You're not the first artist to build a structure like this. Chagall built a chapel, didn't he?
Western art has had a longtime connection with the church, as it has in many cultures. Art has always been involved in the pursuit of both the spiritual and the sublime. Sometimes, when you step into a cathedral where the light inhabits the architecture through the windows, what has been created by architects and artisans and others sometimes engenders more awe than anything written or said by the priesthood.

This is a territory that has long been mined by art. For a while, there has been a rift between spirituality and art, and particularly contemporary art. I think that is something that's due for a change.

Had you ever designed a meetinghouse before Live Oaks?
No. I did do drawings for two chapels of light, in two different places where they wanted to make new Catholic churches. And after this meetinghouse project, I finished another one with Tadao Ando in Japan, on the site of an old Buddhist temple.

Houston has a tradition of involving artists with religious structures. The prime example is the Mark Rothko chapel, sponsored by the DeMenil family. The second one is the Byzantine chapel, also sponsored by the DeMenils and designed by Francois Deonier. The third are the stained glass windows designed by Jennifer Bartlett for an Episcopal church.

Then there's this project. Before Mrs. Jean DeMenil died, she contributed a substantial amount, first from her own personal funds and then from the DeMenil Foundation. The project arose from a suggestion by Hiram Butler, a local art gallery owner, to the Meeting there in Houston. Fund-raising was set up, and Leslie Elkins was chosen to be the architect.

How do you feel about the Live Oaks Meetinghouse project now that it's completed?
As with any project, there's great relief when you're done. It is very interesting to go through a project with Quaker decision making. You have the natural Quaker urge for procrastination. I don't mean there's an avoidance of decisions, but rather a waiting for decisions to congeal and come together in a consensus that is reasonable for the body.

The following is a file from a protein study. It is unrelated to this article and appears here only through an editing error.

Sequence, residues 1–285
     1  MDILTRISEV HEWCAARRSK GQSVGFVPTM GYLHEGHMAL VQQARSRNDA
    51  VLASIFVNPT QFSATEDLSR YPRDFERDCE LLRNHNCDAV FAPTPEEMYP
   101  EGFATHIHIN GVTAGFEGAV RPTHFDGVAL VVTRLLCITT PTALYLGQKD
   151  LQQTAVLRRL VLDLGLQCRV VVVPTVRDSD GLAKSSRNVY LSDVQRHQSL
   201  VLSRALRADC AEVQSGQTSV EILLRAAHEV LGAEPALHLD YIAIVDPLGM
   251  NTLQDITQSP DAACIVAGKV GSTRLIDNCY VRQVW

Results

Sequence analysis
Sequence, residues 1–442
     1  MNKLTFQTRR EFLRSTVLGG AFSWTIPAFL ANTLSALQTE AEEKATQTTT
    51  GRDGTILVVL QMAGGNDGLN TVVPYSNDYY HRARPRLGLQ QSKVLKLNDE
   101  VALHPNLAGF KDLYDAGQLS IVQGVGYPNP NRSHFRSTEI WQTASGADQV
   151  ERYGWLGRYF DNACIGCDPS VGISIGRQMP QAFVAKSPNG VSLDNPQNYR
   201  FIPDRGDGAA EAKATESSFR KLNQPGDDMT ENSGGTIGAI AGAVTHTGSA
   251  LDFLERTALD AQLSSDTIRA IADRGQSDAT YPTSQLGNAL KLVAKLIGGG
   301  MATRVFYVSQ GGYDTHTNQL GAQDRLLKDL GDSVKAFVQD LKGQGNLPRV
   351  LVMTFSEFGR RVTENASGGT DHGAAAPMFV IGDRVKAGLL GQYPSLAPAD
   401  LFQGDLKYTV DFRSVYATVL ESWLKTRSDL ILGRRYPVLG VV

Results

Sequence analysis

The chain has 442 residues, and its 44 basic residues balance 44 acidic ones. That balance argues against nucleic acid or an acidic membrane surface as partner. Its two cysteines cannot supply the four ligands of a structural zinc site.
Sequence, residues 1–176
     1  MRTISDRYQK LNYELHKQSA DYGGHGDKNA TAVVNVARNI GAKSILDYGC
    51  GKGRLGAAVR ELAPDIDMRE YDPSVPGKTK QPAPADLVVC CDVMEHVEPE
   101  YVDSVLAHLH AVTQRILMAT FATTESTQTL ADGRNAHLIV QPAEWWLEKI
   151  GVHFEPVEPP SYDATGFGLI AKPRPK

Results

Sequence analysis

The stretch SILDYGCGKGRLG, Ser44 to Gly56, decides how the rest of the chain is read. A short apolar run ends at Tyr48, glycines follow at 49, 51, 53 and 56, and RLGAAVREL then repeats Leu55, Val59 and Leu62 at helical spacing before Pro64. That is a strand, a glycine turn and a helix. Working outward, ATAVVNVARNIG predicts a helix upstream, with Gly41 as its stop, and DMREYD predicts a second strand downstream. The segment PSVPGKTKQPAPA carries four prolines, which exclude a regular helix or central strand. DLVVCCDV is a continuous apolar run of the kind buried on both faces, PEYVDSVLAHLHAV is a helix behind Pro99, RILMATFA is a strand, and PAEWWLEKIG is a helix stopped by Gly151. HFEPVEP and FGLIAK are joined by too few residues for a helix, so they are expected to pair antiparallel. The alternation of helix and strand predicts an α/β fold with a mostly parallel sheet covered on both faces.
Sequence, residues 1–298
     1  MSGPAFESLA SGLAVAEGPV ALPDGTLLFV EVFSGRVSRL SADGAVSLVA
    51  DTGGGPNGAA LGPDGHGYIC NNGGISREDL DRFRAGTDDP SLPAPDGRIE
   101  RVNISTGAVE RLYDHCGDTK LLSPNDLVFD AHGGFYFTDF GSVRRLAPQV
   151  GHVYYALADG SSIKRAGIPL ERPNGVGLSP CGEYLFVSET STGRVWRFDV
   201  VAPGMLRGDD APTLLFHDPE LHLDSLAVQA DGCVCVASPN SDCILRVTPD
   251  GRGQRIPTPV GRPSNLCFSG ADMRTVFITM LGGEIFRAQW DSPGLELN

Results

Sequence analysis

I've used this kind of decision making myself. Many people from the outside read this as conflicted neuroticism, which it can be a lot of times, but at other times it's not wanting to decide until a decision was there, which I think is very important to do.

Is that a Quaker process you learned at a young age, or is this just your natural way?
This was a part of how I was raised. But to do art, I had to learn to decide things, because people often just want a decision. This seems somewhat arbitrary. Often it's sort of like Jimmy Durante, who had this wonderful song, "Go, Stay, Go, Stay."

This design is related to the change in the natural surrounding light. What is the relationship between space and light and energy?
I'm interested in the idea of space inside and space outside, and the allegory of how soul inhabits body but has a life outside it. In the case of a cathedral, the light is often directional. But in the meetinghouse, there's something that's nondirectional. That was the one thing I always loved about the Quaker Meeting. You don't have a front, as an altar. There is an equality of direction, and out of that unity occurs. That can be done circularly, or in a square. The Quakers had the idea of getting away from steeple houses, that the church is the people, not the structure. That's true here too. I don't look upon it as being east, south, west, or north. It has simplicity.
I have this idea about "as above, so below," how that functions to create that space in this meetinghouse. You'll notice also the color is created by the light coming in. Because we don't create color, we don't receive the color, we actually do in effect create it. We like to think everything outside is something that we are receiving, but in effect we are a part of creating that.

We are interpreting it? Is that what you mean?